Perhaps ‘ITSSM’ is a misguided attempt at this new sector definition. I think it is marketing fluff and does little to help the market. Would it really be that dreadful to admit dropping the previous ITSM Quadrant was a mistake? If it is a genuine new market sector they’ve done an awful job of defining it and educating the market.
Only Behemoths May Apply
My other criticism of this report, and Gartner Magic Quadrants in general, is over emphasis on global reach.
Some of the global players have an international network of offices that span the globe, but how many of the people in these hundreds of offices know about your product? I would ague that is probably about the same amount of people as the total team of a smaller niche competitor. i.e. BigMegaCorp operates in 50 countries with 20,000 staff and 35 of these people worldwide know about ITSM, compared to the small niche competitor with 35 staff – all of whom know about ITSM.
Similarly, vendors in this report had to have revenues in excess of $10M. Isn’t this threshold cutting out the most exciting and innovative vendors in the sector? The target audience for this report is typically large enterprises – but are they really that risk adverse?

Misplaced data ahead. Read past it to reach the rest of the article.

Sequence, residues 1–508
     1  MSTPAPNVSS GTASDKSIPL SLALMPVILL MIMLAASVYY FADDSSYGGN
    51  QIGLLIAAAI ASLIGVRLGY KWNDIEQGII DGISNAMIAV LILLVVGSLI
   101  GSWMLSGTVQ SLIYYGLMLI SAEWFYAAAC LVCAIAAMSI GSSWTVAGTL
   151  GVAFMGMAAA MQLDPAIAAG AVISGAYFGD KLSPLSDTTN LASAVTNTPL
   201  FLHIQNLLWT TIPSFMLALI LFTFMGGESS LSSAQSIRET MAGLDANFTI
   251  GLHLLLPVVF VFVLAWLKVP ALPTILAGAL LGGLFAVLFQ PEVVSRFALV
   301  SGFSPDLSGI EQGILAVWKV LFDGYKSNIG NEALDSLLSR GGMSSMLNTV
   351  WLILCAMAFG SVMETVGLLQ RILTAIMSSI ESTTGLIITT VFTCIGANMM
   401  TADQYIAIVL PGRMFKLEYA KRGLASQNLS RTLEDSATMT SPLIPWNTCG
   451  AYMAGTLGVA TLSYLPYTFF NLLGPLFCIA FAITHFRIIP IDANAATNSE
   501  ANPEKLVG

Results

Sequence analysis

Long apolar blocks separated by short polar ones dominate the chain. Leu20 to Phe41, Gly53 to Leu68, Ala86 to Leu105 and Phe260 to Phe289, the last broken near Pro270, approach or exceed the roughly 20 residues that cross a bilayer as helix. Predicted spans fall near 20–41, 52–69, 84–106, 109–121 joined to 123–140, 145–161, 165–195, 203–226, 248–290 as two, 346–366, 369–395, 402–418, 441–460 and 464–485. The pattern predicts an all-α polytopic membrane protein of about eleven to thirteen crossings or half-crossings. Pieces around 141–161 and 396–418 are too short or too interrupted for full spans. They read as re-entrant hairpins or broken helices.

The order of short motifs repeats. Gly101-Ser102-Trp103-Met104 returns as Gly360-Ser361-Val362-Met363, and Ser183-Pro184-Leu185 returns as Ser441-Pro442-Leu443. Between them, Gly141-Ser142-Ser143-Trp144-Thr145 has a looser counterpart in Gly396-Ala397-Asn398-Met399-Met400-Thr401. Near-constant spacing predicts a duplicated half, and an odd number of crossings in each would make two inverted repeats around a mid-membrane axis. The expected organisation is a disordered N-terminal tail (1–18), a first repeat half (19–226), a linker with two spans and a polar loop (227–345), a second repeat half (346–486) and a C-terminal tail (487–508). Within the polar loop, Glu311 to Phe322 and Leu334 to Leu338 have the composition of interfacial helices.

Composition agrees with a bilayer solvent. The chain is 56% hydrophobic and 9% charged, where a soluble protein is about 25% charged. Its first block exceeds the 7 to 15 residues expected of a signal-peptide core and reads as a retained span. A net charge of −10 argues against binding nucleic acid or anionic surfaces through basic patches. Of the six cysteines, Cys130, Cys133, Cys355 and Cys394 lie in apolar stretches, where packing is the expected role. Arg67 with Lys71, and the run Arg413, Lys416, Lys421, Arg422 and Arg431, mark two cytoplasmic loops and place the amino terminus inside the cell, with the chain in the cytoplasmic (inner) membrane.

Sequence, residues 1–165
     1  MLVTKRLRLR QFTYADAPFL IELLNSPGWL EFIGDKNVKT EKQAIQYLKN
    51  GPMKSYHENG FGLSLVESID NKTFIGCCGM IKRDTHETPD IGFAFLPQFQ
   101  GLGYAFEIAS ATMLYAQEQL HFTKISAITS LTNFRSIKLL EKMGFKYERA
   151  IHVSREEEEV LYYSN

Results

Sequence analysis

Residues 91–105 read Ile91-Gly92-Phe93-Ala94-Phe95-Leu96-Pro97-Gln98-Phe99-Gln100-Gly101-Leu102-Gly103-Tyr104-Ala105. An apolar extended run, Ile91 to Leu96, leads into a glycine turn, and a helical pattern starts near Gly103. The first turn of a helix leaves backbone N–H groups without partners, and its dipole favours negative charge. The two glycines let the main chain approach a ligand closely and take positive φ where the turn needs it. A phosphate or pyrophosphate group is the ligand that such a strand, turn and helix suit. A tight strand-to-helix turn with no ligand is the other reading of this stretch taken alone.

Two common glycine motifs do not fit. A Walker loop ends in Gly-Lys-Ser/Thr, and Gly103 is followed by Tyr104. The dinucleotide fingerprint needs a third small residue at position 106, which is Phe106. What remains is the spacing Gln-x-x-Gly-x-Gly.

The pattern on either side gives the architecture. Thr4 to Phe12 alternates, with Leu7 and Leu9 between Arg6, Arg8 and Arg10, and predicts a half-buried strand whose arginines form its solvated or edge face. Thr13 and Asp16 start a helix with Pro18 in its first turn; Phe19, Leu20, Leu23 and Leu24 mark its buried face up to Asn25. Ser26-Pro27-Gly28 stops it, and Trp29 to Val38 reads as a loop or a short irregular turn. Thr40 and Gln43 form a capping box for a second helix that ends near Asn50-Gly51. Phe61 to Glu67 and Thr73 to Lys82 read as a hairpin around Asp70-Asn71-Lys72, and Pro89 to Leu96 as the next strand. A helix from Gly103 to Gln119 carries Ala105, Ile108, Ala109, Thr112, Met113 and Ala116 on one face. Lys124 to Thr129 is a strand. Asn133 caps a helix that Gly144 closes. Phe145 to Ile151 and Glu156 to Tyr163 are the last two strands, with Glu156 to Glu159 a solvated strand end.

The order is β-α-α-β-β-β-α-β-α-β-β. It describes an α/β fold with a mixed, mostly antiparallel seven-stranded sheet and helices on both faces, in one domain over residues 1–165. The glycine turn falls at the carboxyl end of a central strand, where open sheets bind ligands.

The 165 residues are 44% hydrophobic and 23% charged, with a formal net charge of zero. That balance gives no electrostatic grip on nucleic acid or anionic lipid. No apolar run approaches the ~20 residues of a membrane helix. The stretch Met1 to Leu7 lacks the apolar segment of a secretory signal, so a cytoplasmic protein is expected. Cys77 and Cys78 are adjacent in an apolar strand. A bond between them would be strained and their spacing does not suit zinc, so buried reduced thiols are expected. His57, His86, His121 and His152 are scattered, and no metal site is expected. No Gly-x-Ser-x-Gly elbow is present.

“Gartner’s 11,000 clients are the largest organizations in the world and Gartner acknowledges that 80 percent of them are late-adaptors. They are much more likely to buy from HP, IBM, or Oracle than from a start-up with the most cutting-edge solution.”
Is that really the case these days? The old adage of ‘You won’t get fired for buying IBM’ is being replaced by users who can search what they are looking for on Google, buy it using a credit card and get the job done in the Cloud without a second thought.
Finally, I believe the fact that there are no vendors in the Leaders quadrant is a good reflection of the industry. Once upon a time ITIL aligned processes were the key market differentiator, and then came the ability to deliver in the Cloud – the market is now looking for new leadership and new differentiators.
The UK has 4.5 million SME companies that account for 58.8% of all private sector employment in the UK and 48.8% of private sector turnover (source).
I have used UK figures here but my bet is that the vast majority of countries have a similar balance – perhaps even more so in developing countries.
Similarly, teams or divisions within larger organizations are breaking free of the shackles of prehistoric software and taking IT support provision into their own hands.
With this is mind I have compiled a short list of companies offering IT helpdesk software offering an entry level for under a grand. All the offerings below are web-based (do start ups and small companies buy servers?).
Conditions of inclusion
Under US$1,000 per year per user
Pricing is readily available on their website
Delivered via the Web
The website is not scary
If I have missed any companies that meet the criteria above please leave a comment below. Thanks in advance for your help.